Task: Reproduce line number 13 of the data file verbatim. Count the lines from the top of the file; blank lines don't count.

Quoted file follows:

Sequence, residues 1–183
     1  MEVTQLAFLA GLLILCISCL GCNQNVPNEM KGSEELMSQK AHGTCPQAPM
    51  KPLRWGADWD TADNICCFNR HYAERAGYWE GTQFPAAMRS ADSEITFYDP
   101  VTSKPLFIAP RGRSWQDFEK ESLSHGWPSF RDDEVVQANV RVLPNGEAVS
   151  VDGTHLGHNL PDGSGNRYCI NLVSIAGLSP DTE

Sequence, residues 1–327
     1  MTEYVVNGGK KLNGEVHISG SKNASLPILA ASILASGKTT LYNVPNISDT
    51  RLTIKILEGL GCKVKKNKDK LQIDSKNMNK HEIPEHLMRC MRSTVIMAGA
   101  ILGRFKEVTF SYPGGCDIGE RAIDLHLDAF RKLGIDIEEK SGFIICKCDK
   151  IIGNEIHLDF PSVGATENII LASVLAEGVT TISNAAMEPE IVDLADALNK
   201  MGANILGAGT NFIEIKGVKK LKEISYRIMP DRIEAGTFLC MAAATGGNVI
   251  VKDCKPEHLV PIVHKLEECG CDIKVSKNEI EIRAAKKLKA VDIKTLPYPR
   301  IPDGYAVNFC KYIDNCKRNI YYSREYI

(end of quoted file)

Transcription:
   301  IPDGYAVNFC KYIDNCKRNI YYSREYI